Interconnected nature: Sámi culture on show
By Ester Laiho | Photos: Siida
Sámi Museum and Nature Centre Siida has showcased the history and culture of the Sámi of Finland together with northern nature for over 20 years. The museum has gone through extensive renovations as well as an expansion, and is ready to welcome new visitors this June.
The new space is accompanied by a new main exhibition, Enâmeh láá mii párnáh – These Lands Are Our Children, which will bring together the topics of nature and culture. The name comes from an Inari Sámi poem written by Matti Morottaja, exploring the same themes. These Lands Are Our Children replaces the acclaimed previous exhibition, which drew an audience of over one million people.
Despite the many changes, visitors can be assured the Open-Air Museum has not gone anywhere. The Open-Air Museum, located in the oldest part of the museum complex, was built in 1963 – making it the oldest Sámi museum in the world. Here, a modern, lighted walkway takes you on a journey through time, exploring the culture, architecture and livelihoods of Finland’s three Sámi cultures.
Minna Muurahainen, the head of sales and marketing for Siida is looking forward to the summer and wants to welcome visitors from near and far: “We might have new improved spaces to accommodate for more displays and visitors, but our mission to welcome people with open arms hasn’t changed. We wanted to keep an intimate and approachable atmosphere.”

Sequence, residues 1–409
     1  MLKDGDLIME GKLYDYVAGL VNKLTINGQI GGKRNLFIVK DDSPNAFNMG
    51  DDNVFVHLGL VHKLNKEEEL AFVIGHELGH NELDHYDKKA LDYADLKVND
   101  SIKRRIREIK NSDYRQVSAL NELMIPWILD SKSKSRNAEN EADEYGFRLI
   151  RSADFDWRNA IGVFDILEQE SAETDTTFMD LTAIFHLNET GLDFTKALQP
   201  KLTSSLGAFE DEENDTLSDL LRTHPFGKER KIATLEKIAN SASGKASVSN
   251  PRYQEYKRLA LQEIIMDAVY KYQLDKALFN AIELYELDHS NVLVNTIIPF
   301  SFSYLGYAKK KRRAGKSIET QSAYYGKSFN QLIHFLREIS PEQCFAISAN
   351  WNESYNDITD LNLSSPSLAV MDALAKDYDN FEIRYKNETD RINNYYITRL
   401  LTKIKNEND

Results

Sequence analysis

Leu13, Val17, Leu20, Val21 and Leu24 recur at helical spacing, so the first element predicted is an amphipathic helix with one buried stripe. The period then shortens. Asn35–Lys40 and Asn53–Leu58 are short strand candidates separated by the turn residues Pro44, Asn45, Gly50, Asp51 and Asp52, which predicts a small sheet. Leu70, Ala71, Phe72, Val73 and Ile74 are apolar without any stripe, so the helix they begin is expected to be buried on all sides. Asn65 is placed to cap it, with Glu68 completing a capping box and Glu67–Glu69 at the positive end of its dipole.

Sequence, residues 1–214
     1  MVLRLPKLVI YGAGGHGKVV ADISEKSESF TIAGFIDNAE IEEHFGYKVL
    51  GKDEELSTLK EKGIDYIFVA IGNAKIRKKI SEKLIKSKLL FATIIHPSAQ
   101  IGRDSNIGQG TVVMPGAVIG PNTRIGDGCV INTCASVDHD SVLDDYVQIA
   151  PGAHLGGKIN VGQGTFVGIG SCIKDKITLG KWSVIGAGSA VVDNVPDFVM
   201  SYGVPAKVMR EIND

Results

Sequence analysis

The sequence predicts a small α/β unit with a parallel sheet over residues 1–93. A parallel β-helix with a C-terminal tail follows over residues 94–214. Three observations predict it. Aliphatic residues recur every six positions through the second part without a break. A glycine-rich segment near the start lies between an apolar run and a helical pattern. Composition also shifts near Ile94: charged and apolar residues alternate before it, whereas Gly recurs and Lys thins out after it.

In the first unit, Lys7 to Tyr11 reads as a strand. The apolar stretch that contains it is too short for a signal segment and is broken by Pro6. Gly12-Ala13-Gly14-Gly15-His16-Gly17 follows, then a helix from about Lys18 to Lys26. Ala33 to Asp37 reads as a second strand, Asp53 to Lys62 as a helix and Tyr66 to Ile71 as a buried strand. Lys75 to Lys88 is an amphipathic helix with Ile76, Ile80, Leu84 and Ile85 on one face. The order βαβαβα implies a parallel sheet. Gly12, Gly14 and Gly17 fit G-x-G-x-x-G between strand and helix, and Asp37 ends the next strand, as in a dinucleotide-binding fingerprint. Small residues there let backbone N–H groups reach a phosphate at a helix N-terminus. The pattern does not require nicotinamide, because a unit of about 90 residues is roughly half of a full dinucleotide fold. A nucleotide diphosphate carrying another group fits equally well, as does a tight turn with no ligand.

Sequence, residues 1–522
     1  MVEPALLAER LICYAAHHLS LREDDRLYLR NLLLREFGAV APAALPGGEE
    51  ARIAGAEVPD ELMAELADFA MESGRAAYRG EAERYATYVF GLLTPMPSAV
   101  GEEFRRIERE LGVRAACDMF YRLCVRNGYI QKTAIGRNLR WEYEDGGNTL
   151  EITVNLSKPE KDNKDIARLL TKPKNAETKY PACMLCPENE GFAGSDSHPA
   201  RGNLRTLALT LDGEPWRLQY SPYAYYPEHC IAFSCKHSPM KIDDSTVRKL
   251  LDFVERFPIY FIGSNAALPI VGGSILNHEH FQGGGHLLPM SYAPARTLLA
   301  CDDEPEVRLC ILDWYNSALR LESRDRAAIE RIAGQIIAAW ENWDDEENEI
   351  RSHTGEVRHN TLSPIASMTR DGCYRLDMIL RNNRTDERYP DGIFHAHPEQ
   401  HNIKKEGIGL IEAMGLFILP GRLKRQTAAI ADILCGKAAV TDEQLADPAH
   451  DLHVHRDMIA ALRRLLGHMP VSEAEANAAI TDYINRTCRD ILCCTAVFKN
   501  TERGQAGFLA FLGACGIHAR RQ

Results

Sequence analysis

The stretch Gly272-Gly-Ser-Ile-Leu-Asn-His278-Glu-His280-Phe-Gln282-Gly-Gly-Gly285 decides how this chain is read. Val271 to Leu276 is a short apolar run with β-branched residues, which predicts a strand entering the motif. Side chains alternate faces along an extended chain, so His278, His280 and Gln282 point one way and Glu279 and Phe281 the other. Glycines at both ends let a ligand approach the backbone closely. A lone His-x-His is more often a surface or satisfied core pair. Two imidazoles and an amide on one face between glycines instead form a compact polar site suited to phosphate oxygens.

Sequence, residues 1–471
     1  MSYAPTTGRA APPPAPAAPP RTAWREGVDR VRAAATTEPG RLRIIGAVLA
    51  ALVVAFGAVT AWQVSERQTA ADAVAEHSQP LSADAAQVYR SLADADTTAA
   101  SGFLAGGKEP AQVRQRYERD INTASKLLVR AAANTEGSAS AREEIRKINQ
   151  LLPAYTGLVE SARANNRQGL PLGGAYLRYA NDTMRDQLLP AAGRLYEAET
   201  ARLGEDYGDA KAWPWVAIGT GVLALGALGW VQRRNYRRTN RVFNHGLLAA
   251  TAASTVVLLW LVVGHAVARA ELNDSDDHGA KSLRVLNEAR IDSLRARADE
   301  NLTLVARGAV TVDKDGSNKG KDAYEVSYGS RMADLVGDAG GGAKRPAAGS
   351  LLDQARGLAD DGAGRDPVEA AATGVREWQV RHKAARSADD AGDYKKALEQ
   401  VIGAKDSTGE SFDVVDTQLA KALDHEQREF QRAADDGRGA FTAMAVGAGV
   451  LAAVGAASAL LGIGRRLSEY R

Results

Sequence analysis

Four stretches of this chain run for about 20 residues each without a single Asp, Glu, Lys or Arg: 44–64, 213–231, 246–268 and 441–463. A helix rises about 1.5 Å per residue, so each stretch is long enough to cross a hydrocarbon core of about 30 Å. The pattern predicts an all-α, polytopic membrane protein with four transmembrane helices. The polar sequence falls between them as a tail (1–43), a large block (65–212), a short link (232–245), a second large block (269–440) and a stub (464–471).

Repatriated artefacts displayed for the first time
Another enticing aspect of Siida’s new offering is the repatriation of Sámi artefacts from the Finnish National Museum. In total, the Finnish National Museum has returned 2,200 objects to Sámi Museum Siida. To these artefacts, the people of Siida have applied the same rigorous research and respect as to those already on display, with the aim of learning about their origins and identifying people when possible. The research has extended to reaching out to the Sámi communities to ask their opinion on what objects to display to best represent their culture.
Muurahainen also explains how they have chosen to explore some potentially sensitive topics to remove stigma and to embrace the current and future culture, while honouring the past: “Birgen means surviving in Northern Sámi and this is a term that lends itself to many areas of Sámi culture. For us it also means thriving: taking pride in traditional Sámi clothes and languages in 2022.”
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